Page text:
More than 40 years after a serial killer dubbed the "Doodler" terrorized San Francisco's gay community, police released a sketch Wednesday of what the man might look like today and announced a $100,000 reward for details leading to his capture. Police believe the killer stabbed at least five men to death from early 1974 to late 1975. He became known as the "Doodler" after a victim who survived an attack told police the man was doodling while they talked at a late-night diner and said he was a cartoonist. At a news conference, police released a pair of images that showed a 1975 sketch of the man and an "age-progression" showing what he might look like now, the AP reports.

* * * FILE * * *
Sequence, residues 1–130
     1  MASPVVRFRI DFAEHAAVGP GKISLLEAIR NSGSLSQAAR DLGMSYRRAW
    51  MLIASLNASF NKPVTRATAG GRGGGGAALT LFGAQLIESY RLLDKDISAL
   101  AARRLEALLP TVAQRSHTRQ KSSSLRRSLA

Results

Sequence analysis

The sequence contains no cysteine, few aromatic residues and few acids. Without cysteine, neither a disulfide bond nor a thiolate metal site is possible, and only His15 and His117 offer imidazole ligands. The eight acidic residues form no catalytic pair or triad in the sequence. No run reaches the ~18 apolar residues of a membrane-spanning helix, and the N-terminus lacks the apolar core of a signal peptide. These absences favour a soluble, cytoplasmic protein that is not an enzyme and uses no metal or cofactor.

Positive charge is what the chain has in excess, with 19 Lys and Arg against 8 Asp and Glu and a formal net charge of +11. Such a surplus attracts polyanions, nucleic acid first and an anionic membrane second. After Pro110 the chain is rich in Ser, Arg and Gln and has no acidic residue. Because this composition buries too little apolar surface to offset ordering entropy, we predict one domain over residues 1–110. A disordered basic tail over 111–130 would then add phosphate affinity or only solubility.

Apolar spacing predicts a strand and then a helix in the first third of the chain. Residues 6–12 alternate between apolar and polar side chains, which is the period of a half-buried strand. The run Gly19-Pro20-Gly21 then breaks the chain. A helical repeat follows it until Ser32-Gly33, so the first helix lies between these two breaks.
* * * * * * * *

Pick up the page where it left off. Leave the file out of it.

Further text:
The killer targeted white men he met at after-hours gay clubs and restaurants in San Francisco. "In the 1970s, this was gripping the gay community and San Francisco," police Commander Greg McEachern told the news conference. Police described the killer as an African-American male, about 5 feet, 11 inches tall with a lanky build who was likely in his early 20s during the attacks. At the time, a witness was able to give investigators a description of the attacker, leading to a man being detained in 1976 but never charged. McEachern said police have interviewed the man since returning to the case and he remains a person of interest. Police have submitted DNA samples from some of the 1970s crime scenes and are waiting for lab results. (Police have been trying to track down a European diplomat believed to have survived a Doodler attack.)
(Read more serial killers